In July, the European Commission found that Daimler, BMW and Volkswagen Group, which includes VW, Audi and Porsche, had breached antitrust rules by colluding to avoid further developments on lowering NOx emissions in diesel vehicles.

Over the course of five years, the manufacturers colluded to avoid competition on improving the technology beyond what is required by law despite the relevant technology being available.


MERCEDES disputed many of the claims made by motorists and the legal firm Slater and Gordon about their vehicles.

A spokesman said: "We consider the claims made against our company to be unfounded and will defend ourselves with the necessary legal means.

"We believe that the emissions control software used in our vehicles was and is both technically and legally justifiable.

"Mercedes-Benz is appealing against the administrative orders of the German Federal Motor Transport Authority (KBA) and the courts will clarify the correct interpretation of relevant legal standards in this complex technical environment.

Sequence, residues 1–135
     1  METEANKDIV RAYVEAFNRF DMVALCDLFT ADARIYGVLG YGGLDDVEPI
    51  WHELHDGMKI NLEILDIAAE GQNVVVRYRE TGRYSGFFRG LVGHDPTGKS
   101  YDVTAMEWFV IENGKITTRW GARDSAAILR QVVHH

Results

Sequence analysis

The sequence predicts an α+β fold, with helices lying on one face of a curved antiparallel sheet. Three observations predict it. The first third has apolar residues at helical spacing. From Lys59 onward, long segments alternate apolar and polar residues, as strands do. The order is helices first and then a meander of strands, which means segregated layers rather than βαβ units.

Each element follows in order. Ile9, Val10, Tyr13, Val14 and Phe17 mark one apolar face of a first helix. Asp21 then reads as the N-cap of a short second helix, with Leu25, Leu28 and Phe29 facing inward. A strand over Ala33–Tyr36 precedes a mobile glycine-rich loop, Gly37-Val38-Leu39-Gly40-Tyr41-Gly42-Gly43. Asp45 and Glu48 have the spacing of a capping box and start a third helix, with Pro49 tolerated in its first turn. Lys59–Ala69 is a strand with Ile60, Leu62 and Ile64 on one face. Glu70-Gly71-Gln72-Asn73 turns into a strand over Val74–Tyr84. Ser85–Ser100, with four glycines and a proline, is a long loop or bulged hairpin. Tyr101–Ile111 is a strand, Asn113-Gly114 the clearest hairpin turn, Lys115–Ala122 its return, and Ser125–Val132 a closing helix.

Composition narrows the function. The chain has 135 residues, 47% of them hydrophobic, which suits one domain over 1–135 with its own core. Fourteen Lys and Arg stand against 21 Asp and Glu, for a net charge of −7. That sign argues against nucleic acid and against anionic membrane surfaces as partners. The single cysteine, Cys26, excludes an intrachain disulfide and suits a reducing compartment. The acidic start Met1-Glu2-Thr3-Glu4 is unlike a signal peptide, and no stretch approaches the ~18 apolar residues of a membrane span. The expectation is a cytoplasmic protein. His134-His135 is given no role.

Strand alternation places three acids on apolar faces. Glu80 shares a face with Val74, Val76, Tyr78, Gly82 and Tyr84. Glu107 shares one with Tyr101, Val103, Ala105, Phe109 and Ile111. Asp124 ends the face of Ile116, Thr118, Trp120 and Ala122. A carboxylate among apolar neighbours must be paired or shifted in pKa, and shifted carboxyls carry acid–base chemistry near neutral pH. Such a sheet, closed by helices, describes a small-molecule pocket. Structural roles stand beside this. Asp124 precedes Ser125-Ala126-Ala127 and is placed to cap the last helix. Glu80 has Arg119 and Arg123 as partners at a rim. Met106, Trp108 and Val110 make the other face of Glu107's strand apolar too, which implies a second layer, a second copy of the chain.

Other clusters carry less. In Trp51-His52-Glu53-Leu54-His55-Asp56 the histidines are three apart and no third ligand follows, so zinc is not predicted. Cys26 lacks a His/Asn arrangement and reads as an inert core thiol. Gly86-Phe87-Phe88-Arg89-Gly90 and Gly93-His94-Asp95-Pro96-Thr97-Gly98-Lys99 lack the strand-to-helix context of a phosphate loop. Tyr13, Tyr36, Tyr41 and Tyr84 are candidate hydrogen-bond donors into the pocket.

"In our view, the emission control functionalities objected to in the administrative orders by KBA are permissible and our vehicles are not subject to any impairment in terms of use or functional capability.

"As is well known, Daimler cooperated extensively with the European Commission as a leniency applicant at an early stage, and was therefore not fined.

"The European Commission explicitly found no evidence that there was any agreement regarding the use of prohibited defeat devices. The Commission made no findings on whether the diesel passenger cars sold during the relevant period met the regulatory requirements.

"As we see it, the investigation is not related to lawsuits brought by customers in Europe in connection with diesel.

"The essential points of our legal opinion have been confirmed by numerous rulings in the German regional and higher regional courts. The decisions are almost unanimously in our favour.

"According to our own statistics, complaints after diesel software updates are rare. The updates were approved by the German KBA after extensive testing. We can absolutely guarantee that these measures have no impact on the car’s safety."